I’ve been writing full time for quite some time now, and I’ve discovered that I like to write all kinds of stories for all age groups. I’ve written short stories, novellas, picture books for younger kids, middle-grade books and even YA books. In any case, it was always books that I wrote but some time last year, I was approached to write scripts for TV series and animated films. I thought, why not? And I had a go. I have to admit, writing for TV didn’t come naturally to me but I enjoyed it and most of all, I liked the process of putting everything together because it’s so different from my usual work process of sitting down and working out the stories in my head. For one thing, it’s an extremely collaborative process. In this post, I want to tell you about my experience of not only writing a script for a short animated film and going on to produce and put that film together. It was an amazing experience.
As with most things in my life, this came about completely by accident. An illustrator friend Emila Yusof, put up a picture of a cheeky looking girl in a green monster suit up on her Facebook page and I was intrigued. She looked a bit like this …
Isn’t she cute? I sent Emila a message, “Let’s do something with this.” And she said yes. At the same time, my partner at Papermoon suggested we pitch our idea at the next IPCC (that’s the Intellectual Property Creators’ Challenge). The IPCC Award is an annual event where creators from across Malaysia can pitch their stories either as a short animated film or an animated series. The winners get a grant from MDEC to produce the film or series, and a six-month mentorship with the leading figures in the industry. I’m talking about the people behind the likes of Boboboi and Upin & Ipin. Very exciting!
Emila and I being completely newbies in this field had no idea what all this entailed but we decided to have a go and within a week I came up with the idea of a special girl named Grin who lives in a town where everyone is the same. Emila came up with the artwork and we pitched it to the judges with no expectations of getting through to the next round. In fact, we did get through to the next round and I think it was because we came from outside the animation industry. Both of us come from the children’s books industry and so our concept and idea was totally different to what they were used to seeing.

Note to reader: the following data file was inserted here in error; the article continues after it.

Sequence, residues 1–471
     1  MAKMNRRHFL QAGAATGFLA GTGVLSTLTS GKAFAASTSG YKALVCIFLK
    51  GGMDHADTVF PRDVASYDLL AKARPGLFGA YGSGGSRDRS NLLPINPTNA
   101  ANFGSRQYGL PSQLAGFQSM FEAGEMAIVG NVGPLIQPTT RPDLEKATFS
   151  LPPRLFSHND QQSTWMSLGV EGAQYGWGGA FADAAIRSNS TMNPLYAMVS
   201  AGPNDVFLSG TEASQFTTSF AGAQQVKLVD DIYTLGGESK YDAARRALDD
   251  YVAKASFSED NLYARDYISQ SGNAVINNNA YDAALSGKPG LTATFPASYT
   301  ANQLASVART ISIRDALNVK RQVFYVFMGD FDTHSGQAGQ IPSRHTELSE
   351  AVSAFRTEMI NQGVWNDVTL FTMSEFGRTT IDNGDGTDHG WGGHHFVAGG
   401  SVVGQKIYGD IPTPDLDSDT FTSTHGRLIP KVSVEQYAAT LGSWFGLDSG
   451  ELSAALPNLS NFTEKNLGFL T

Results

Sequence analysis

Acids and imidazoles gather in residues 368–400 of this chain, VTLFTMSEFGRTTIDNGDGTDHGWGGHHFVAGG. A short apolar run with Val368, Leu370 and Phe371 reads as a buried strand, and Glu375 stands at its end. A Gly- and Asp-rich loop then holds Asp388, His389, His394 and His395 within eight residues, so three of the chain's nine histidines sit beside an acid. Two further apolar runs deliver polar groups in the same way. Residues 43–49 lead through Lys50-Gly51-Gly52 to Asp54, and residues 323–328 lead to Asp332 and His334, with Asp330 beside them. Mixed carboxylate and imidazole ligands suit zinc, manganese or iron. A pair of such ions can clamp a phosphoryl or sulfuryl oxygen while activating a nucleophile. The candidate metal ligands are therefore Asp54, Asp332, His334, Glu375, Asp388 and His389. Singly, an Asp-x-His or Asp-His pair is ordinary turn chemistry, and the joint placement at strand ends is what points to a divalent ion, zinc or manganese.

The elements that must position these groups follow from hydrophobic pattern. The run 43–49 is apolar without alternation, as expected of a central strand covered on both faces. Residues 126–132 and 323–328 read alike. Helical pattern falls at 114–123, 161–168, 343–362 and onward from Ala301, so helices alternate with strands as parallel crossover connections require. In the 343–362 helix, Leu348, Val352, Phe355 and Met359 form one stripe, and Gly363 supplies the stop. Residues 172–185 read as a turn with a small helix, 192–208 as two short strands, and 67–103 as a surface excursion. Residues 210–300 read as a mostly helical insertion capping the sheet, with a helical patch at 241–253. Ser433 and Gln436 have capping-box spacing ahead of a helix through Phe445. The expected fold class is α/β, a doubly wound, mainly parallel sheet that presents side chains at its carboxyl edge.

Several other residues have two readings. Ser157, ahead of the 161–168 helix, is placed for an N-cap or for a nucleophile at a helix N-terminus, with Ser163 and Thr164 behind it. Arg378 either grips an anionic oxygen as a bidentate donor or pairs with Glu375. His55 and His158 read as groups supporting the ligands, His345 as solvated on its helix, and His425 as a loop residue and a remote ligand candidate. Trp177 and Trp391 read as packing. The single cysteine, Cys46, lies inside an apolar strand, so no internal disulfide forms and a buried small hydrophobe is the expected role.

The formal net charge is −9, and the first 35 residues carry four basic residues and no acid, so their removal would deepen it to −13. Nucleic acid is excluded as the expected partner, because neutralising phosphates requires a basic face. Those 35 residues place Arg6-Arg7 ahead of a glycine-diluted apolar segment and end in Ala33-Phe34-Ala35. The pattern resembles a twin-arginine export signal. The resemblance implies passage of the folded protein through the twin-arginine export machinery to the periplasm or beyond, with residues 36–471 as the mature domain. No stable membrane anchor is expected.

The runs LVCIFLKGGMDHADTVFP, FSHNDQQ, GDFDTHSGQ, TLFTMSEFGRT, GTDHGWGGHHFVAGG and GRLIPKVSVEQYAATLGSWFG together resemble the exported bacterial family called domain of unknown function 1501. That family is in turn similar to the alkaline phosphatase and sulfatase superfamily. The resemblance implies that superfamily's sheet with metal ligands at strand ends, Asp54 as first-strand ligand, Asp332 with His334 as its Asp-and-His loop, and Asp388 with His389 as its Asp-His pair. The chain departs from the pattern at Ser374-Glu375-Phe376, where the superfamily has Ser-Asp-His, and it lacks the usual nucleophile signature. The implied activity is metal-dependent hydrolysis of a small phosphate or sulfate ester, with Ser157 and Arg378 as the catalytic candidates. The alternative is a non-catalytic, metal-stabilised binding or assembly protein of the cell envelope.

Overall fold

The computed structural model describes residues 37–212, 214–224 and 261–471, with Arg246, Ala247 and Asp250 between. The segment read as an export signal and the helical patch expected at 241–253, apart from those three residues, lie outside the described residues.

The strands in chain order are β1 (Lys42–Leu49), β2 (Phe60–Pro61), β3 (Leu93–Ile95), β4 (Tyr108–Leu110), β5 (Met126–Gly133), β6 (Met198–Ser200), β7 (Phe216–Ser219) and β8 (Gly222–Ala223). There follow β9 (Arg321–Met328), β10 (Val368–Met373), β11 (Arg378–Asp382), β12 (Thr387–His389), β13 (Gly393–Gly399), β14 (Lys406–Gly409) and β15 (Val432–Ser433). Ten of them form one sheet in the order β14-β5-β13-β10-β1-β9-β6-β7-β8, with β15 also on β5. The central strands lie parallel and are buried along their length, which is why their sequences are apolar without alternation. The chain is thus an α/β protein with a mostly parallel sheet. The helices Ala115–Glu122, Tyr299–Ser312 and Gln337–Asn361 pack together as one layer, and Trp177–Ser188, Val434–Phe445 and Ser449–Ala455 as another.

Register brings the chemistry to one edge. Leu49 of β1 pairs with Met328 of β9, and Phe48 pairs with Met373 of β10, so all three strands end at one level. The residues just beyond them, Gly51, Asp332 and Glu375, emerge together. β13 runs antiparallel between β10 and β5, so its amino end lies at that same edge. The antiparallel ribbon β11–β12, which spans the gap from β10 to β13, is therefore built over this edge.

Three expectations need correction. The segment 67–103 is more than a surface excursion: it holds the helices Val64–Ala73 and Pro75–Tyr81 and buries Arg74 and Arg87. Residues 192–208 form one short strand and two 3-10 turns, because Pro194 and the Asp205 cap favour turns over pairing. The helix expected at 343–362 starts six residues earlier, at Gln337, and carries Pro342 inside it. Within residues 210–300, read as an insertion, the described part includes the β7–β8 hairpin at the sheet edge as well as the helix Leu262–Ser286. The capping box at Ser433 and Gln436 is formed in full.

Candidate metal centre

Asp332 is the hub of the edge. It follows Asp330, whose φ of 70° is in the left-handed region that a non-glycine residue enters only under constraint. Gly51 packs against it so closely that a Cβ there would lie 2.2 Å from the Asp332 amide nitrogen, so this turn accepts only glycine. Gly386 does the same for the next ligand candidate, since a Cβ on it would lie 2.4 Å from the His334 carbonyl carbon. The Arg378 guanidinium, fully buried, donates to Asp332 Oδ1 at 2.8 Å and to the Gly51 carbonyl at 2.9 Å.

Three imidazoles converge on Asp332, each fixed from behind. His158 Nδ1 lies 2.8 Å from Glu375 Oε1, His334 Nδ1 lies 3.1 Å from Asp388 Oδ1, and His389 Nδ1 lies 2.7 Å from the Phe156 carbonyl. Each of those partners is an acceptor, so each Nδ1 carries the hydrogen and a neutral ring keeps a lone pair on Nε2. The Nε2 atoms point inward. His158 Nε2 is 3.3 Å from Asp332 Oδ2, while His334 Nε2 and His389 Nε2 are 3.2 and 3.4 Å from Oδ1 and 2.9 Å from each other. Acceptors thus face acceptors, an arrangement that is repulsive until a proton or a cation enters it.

At the next round of pitching, we were allowed to sit in on the other pitches and it was clear that everyone else was so much better at this than us. They had actual animation clips to show! We just had my story and Emila’s art – that’s all. In any case, we pitched and had fun doing it and then we waited for the results which was scheduled to be announced at the Kre8tive Conference in Cyberjaya. I decided to attend just for the hell of it.
We won. We were one of around ten or so other companies who got the grant and I was ecstatic. But then I kind of panicked because it dawned on me that I would have to actually make this film. I didn’t have the first clue how to go about doing this. What the heck was I supposed to do now? I mean, I know how to write a good story. I can structure a novel. I can write interesting characters and build in conflict and tension. But err… I don’t know how to make a short animated film …
Thankfully, I got lots of help from friends in the industry like R&D Studios and Tudidut Studios and also our amazing mentors. Between November 2017 – April 2018, we presented our work in progress to these mentors. It was the most nerve-wrecking, gut-wrenching, exhilarating time ever. We had to change our story and our concept a couple of times but the mentors really pushed us to come up with the best film we could. After each mentorship we crawled back into our little caves to make the changes with me attempting to bring everyone together (which is really difficult for me because I normally work alone and I hate telling people what to do). I learned a lot about myself these past six months.
Lucky for me, my team of animators were wonderful and understanding and we eventually came up with a fabulous animated film which we can all be proud of and this is really what we were all aiming for; we wanted to produce the best short animated film from Malaysia to showcase our expertise in storytelling, art, music and animation. I didn’t do this on my own – many, many people were behind the scenes masking and comping (to this day, I don’t know what that means) and putting things together. My 16-year old daughter composed an original score for the film which thrilled me to no end (don’t tell anybody but the music is my favorite part of this film). It wasn’t easy and in fact, damn right stressful but we pulled it off in the end and I’m so proud of my team.
So what’s next? We’re finalising a few admin. issues like copyright and trademark, and polishing the film even more after which I intend to submit Grin for international festivals. Once the film is out, I’ll post it here of course so stay tuned. And now, I’m going to lie down because just thinking about what we did the last six months has made me exhausted all over again. Till next time.